It’s just fermented grapes. So why do we fret so much about the ritual of tasting the stuff? Wine enjoyment, like any aesthetic pursuit, is largely personal. Just drink it. There’s no need to feel pressure. But….
People who taste a lot of wine, even make a living from it, have come up with effective strategies on how to do it. The framework allows them to gauge quality, especially important for a professional, and maximize enjoyment, important for everyone. And it’s more than just archaic ritual (though some traditions have fallen by the wayside). There’s solid scientific backing behind those ceremonious customs, a method to the procedural madness.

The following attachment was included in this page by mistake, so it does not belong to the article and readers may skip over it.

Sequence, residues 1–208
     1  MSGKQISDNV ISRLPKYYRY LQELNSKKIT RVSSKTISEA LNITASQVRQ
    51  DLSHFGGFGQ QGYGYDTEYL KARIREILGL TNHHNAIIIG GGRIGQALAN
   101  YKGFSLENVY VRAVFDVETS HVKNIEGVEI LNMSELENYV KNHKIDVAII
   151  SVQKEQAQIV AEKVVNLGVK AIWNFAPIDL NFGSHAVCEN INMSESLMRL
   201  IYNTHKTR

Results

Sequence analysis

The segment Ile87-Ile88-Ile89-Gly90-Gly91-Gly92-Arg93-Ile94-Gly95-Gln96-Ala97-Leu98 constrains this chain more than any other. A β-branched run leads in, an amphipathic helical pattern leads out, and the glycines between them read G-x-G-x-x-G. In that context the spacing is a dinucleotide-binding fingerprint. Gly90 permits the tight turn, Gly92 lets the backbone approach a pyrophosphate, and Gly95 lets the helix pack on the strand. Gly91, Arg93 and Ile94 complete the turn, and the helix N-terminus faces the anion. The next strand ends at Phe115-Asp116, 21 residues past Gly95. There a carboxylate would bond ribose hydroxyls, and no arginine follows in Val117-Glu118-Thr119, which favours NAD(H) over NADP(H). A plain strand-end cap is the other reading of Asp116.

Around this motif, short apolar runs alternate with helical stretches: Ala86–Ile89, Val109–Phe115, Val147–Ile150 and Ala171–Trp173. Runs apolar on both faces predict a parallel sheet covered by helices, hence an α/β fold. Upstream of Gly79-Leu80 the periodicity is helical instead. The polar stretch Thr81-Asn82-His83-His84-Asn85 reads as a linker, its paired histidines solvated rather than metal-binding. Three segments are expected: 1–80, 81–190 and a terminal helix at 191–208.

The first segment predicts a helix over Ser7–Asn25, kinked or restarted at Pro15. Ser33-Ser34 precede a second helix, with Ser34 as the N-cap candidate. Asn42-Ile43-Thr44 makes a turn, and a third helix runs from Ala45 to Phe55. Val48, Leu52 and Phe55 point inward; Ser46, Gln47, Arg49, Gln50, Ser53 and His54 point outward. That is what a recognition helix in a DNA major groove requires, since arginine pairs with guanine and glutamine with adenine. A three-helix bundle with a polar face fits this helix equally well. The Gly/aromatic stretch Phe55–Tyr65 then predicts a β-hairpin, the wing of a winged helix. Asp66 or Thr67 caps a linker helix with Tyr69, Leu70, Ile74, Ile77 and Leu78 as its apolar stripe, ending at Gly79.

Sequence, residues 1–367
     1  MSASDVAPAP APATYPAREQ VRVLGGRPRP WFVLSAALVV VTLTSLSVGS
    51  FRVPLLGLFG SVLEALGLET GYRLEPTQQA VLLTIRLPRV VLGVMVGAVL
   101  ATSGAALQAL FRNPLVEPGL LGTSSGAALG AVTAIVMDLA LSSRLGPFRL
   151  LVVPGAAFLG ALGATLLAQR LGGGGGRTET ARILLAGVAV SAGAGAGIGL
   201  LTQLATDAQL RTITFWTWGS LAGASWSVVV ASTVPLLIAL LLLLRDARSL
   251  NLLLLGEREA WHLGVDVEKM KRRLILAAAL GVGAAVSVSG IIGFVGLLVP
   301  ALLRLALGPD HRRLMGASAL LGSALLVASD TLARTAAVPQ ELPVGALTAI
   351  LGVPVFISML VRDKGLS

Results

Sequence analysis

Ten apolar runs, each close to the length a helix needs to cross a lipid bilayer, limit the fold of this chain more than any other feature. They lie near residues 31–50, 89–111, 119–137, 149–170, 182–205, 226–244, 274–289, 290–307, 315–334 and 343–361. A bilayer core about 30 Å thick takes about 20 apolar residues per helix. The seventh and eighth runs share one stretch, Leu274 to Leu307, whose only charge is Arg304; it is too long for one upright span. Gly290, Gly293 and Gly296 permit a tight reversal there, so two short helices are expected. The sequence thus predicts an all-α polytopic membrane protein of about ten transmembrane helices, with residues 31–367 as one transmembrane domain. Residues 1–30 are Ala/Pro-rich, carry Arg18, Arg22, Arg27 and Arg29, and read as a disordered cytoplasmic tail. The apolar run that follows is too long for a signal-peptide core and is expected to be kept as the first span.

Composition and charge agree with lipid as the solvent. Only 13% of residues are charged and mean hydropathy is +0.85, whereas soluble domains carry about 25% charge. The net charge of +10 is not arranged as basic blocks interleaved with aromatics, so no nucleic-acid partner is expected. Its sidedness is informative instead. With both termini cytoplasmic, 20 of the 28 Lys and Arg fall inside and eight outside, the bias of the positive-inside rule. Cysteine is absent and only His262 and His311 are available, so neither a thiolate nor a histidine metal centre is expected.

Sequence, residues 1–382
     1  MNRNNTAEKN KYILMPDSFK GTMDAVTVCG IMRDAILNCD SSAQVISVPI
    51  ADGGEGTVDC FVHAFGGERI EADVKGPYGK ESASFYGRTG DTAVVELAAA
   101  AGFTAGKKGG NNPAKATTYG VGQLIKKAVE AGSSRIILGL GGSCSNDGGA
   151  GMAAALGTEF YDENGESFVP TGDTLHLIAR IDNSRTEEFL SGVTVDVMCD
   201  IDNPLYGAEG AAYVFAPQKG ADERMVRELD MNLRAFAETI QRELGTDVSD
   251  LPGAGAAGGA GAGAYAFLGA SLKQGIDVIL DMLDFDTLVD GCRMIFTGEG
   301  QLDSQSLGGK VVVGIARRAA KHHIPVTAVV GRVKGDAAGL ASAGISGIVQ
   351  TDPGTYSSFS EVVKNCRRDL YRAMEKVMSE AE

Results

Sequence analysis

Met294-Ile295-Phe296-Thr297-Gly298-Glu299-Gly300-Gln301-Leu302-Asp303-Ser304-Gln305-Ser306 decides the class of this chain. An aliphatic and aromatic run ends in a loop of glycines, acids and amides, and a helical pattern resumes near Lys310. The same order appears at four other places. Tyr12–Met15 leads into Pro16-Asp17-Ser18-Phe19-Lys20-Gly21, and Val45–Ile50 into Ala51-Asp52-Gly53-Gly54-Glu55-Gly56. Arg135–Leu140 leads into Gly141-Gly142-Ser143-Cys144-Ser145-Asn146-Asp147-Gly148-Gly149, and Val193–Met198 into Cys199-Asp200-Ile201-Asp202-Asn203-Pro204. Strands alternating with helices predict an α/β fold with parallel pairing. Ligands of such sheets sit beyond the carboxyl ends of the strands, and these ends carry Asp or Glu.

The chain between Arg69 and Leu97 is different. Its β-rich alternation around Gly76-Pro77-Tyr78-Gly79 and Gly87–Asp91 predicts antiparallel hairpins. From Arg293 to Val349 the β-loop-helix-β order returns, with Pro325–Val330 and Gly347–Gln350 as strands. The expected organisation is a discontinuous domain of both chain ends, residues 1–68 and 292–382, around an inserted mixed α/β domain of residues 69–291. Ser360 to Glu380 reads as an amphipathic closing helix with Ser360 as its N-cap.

So, if you want to look like a seasoned expert, here are a few of the moves and why they are (or aren’t) useful, as well as some pro tips when dining out, or tasting wine anywhere else for that matter.
Smelling the cork: Don’t!
Let’s get this out of the way straight off the top: don’t bother with the cork. It may once have been part of the ritual at fancy restaurants when bark quality and storage conditions were irregular, but no more. After all, what can the cork tell you? I’ve seen musty-smelling, or dry, crumbly corks pulled out of perfectly fine bottles, and perfectly good looking/smelling corks surreptitiously ruin others. We’re drinking wine, not eating cork, so get straight to checking the wine. And the days of authenticating bottles by looking for the producer’s stamp on the cork are (mostly) gone. If the server leaves the cork on the table, ignore it with confidence.
Grabbing that Glass by the Bowl: Don’t!